The term ‘combined resection” refers to removing the primary cancer and one or a few metastatic area, in the hope that there are no metastases and that it will lead to a cure or prolonged period of being free of cancer. While a combined resection of rectal cancer and partial liver resection of metastases is well established, the same is not the case for anal cancer. Metastatic anal cancer is not well studied in regard to a combined resection. NCCN recommends only 5FU and cisplatin or cisplatin for metastatic anal cancer. A recent review states: ” Metastatic disease develops in 10%–17% of patients treated with chemoradiation therapy. The most common site of distant metastasis is the liver. There are limited published data on the use of chemotherapy, particularly newer agents, to treat metastatic anal carcinoma. Active agents include cisplatin plus 5-FU, carboplatin, doxorubicin, and semustine. Participation in a clinical trial should be discussed with all potentially eligible patients.”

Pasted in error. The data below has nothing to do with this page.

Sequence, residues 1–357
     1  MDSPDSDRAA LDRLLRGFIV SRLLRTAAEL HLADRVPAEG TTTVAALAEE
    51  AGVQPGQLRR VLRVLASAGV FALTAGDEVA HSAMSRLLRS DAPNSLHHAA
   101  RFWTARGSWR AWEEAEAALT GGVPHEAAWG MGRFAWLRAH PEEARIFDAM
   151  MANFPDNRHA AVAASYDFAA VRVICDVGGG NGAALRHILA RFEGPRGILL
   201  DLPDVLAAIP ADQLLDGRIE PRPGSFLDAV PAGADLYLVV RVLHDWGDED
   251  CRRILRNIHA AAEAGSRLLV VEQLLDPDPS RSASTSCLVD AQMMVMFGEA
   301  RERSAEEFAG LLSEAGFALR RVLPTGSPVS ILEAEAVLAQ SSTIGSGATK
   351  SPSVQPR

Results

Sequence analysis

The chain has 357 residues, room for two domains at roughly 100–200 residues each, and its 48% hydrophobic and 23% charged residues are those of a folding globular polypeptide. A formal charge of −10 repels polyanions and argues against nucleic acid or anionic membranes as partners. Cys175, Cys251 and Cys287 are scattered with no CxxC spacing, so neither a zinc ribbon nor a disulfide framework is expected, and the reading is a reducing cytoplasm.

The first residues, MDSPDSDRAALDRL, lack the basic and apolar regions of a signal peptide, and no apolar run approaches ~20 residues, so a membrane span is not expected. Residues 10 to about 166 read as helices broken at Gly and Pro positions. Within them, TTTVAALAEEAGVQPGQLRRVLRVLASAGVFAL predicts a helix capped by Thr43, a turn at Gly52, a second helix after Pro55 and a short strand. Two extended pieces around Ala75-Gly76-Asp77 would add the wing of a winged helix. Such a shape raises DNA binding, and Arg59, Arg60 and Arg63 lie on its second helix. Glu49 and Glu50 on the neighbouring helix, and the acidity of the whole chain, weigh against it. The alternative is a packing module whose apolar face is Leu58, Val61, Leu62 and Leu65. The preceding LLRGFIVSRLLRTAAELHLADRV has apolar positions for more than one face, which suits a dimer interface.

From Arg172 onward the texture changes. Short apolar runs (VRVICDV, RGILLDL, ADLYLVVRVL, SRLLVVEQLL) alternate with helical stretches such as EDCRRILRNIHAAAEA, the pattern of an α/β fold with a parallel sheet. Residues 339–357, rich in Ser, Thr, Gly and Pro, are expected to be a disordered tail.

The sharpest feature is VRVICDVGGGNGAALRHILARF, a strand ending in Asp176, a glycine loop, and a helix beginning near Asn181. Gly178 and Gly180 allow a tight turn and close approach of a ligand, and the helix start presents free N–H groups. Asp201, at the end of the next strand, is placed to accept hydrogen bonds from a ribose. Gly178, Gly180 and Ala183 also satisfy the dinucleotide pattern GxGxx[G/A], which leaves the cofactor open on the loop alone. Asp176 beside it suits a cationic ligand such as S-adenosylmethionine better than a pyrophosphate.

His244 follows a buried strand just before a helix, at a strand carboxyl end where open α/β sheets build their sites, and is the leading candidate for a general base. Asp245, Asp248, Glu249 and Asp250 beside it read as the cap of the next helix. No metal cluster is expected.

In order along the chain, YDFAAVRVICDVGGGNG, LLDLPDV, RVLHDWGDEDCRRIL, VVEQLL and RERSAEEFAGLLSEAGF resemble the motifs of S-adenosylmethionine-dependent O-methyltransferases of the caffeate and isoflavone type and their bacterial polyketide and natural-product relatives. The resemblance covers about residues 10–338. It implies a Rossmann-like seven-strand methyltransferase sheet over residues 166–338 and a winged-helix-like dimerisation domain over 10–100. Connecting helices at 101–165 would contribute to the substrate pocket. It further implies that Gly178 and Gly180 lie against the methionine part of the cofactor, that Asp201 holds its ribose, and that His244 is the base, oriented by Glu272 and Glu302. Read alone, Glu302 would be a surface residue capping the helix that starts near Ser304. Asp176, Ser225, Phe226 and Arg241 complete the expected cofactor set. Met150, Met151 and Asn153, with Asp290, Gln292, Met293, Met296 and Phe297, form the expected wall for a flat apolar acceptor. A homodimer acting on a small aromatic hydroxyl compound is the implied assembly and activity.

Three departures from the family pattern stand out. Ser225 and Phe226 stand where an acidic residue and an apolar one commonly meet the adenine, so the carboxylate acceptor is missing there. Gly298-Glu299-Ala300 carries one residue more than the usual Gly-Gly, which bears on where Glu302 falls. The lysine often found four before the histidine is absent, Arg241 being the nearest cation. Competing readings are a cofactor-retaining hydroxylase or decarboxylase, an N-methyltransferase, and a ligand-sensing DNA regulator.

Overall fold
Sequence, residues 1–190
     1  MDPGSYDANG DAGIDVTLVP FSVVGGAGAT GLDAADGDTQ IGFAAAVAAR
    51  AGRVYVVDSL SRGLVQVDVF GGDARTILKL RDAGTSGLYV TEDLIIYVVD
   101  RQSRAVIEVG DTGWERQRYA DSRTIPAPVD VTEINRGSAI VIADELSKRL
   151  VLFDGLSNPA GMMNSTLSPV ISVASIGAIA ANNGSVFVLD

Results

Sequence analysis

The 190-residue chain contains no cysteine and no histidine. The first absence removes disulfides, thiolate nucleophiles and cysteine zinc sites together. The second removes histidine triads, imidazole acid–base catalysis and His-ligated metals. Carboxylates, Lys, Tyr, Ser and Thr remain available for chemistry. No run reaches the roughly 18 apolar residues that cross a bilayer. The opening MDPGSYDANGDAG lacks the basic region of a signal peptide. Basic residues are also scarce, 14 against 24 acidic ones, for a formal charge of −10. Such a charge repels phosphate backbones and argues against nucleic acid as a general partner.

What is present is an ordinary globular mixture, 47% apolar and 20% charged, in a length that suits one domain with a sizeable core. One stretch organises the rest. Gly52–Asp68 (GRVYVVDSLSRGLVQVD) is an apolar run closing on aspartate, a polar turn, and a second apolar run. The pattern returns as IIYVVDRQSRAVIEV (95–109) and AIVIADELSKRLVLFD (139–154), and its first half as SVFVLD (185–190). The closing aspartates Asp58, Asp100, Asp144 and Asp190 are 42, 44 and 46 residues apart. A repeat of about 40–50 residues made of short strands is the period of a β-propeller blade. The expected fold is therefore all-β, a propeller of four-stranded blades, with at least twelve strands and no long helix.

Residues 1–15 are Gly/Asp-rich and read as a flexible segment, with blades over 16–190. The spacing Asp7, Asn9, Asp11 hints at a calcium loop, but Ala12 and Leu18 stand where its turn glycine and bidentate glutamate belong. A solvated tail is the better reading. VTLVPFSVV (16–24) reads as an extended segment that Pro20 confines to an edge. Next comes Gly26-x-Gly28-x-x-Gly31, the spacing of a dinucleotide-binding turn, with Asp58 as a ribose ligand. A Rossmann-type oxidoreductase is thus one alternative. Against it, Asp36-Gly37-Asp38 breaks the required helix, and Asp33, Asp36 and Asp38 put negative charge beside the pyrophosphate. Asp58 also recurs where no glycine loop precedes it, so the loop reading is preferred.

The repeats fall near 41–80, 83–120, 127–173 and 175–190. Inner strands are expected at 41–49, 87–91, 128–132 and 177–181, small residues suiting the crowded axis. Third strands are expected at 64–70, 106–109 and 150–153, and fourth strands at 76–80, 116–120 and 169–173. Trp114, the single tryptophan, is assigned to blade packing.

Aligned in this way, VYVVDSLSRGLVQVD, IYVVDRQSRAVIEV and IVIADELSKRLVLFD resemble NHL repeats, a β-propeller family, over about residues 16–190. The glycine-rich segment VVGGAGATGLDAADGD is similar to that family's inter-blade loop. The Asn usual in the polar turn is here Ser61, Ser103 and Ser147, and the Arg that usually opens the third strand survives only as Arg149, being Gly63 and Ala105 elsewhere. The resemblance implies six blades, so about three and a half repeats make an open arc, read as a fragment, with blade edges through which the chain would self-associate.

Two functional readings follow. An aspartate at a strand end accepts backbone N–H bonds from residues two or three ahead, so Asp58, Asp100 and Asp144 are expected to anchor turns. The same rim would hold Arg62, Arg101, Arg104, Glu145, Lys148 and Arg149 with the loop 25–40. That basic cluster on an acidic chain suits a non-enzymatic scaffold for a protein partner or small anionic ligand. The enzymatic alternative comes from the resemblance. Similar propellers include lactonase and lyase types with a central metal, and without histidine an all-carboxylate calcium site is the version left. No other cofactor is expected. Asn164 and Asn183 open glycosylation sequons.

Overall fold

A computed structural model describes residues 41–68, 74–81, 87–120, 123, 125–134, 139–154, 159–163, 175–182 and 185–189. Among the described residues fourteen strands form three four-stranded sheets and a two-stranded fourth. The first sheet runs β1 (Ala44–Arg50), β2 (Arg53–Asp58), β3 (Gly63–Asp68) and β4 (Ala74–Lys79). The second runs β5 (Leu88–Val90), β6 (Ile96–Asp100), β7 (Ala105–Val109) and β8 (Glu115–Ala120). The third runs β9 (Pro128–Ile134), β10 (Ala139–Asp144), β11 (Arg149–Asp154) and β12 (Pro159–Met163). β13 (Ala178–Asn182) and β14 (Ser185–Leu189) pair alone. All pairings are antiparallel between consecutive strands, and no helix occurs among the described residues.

Although there have been no randomized trials comparing surgery with radiation treatment or with combined chemoradiation, based on multiple studies and clinical experience for the last 20 years, there has been a substantial change in the management of epidermoid anal carcinomas, with more patients undergoing nonsurgical treatment.
I was not able to find credible literature supporting a combined resection approach for anal cancer. NCCN lists only 5 Fu and cisplatin for metastatic anal cancer therapy. The first report of this approach was a case report by Tokar in 2006 and no prospective trials have been reported.
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